"An Unsettling God" by Walter Brueggemann

Walter Brueggemann, An Unsettling God: The Heart of the Hebrew Bible. Fortress Press, 2009. 192 Pages. 

Here, then, is the third book I mentioned when I reviewed Eric Siebert's book last week. 

"It is an exciting time to be studying the Old Testament... In some ways the Old Testament strikes us as ancient, odd, and remote from us. But in other ways it is clear that the Old Testament offers categories of interpretation and guidelines for life that are rich and contemporary in their force. The present volume is an attempt to articulate some of the categories of interpretation and guidelines for life that could make a difference in our present social context."

Thus begins An Unsettling God. This book is largely drawn from Brueggemann's previous volume, Theology of the Old Testament (available here, among other places). The focus of this book is on the relational, or dialogical, nature of God. This is the subject of the first chapter. From there, we see YHWH in conjunction with four partners: Israel, the human person, the nations, and creation. The final section sums up the drama revealed in this portrait of God. 

This book is both well written and provoking. In each instance, Brueggemann demonstrates how the character of these entities is best understood within the context of partnership with YHWH. For Israel, the most characteristic and distinctive part of their life and vocation is "the remarkable equation of love of God with love of neighbor, which is enacted through the exercise of distributive justice of social goods, social power, and social access to those without leverage; those without social leverage are entitled to such treatment simply by the fact of their membership in the community." (29)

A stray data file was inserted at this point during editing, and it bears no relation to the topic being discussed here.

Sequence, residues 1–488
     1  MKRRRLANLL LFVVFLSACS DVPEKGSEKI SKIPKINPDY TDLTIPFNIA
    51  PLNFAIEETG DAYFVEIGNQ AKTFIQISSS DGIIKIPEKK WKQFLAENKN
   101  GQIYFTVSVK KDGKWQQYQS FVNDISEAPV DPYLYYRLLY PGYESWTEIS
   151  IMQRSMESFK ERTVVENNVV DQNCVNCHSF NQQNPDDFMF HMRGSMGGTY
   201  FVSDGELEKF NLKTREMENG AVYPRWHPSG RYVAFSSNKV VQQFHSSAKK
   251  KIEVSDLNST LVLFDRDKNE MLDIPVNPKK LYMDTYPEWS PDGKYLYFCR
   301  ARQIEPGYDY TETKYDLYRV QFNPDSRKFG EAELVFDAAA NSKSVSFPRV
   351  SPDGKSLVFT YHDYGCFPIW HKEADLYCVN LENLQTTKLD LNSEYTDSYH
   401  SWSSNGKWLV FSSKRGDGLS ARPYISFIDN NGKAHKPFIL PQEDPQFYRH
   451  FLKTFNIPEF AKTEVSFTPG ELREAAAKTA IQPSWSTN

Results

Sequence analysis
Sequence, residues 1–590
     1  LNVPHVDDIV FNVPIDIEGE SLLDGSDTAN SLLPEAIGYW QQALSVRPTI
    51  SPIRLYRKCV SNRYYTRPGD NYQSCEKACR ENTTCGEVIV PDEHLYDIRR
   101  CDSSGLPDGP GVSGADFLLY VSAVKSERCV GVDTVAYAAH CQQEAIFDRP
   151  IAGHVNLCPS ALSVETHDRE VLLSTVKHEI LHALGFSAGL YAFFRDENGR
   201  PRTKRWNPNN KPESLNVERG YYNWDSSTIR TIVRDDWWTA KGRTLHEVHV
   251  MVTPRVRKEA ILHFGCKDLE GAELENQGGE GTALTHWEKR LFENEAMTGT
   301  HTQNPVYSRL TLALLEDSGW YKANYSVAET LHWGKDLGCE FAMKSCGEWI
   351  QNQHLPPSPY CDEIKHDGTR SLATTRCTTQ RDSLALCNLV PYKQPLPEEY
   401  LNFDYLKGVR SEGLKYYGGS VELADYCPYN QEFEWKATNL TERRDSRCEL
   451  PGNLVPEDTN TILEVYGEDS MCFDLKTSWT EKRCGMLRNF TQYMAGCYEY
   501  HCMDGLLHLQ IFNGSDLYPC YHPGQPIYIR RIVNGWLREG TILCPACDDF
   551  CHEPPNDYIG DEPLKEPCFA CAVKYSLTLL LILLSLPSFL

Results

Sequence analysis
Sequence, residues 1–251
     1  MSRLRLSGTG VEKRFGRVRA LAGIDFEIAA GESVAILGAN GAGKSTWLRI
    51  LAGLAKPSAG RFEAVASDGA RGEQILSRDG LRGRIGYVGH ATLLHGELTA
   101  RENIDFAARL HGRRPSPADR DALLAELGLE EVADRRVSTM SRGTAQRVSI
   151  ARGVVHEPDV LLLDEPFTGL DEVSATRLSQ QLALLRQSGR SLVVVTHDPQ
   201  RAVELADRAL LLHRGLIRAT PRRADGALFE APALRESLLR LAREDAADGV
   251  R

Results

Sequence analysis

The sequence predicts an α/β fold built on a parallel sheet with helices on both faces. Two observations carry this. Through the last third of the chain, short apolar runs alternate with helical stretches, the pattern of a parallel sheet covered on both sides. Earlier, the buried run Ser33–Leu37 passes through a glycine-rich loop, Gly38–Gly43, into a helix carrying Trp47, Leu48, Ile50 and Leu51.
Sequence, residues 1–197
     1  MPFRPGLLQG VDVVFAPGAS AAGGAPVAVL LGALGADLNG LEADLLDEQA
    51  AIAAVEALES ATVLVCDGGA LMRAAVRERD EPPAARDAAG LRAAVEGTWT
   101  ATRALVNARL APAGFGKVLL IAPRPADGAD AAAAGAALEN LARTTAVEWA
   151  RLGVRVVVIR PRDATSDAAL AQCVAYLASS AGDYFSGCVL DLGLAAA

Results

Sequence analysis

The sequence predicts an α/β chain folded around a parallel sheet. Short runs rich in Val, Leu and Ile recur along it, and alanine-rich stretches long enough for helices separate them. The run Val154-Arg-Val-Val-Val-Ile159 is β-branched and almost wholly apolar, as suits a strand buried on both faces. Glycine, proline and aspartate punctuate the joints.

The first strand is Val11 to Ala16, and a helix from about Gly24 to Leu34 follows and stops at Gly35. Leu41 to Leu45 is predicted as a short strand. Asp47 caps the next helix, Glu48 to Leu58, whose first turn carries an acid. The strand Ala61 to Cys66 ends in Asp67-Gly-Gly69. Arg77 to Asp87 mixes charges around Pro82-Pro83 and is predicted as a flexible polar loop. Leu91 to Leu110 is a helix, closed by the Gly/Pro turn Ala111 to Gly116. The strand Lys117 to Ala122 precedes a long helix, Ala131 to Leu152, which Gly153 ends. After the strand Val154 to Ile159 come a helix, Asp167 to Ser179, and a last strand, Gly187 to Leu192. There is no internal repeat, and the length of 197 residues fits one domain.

Meanwhile, to be fully human, Brueggemann argues, "is to have a profound, unshakable, elemental trust in YHWH as reliable, present, strong, concerned, engaged for; and... to live and act on the basis of that confidence, even when YHWH is not visible and circumstance attests to the contrary." (74)

Such observations are typical of this volume, and a large part of what makes it worth reading. The book is not even 200 pages and so Brueggemann is incomplete in his presentation of all that we might learn from the OT while focusing on the relational nature of YHWH and what that reveals about Israel, Humanity, the nations, and creation. One such stunning example of absence is any discussion of sacrifice and atonement. However, Brueggemann has succeeded admirably in presenting a model of reading the OT, and an exciting picture of who God is within this text. 

Conclusion: 4.5 of 5 Stars. Recommended. This book will open your eyes to the OT in unexpected ways. It is well worth reading.  


Dana Ouellette said...

I haven't read much from him. I remember enjoying David's truth. About the 4 different David's in the bible. It's a good book if you haven't ever read it.

Andrew said...

I haven't read it; I will grab it the next time I am at the library. Thanks for the recommendation.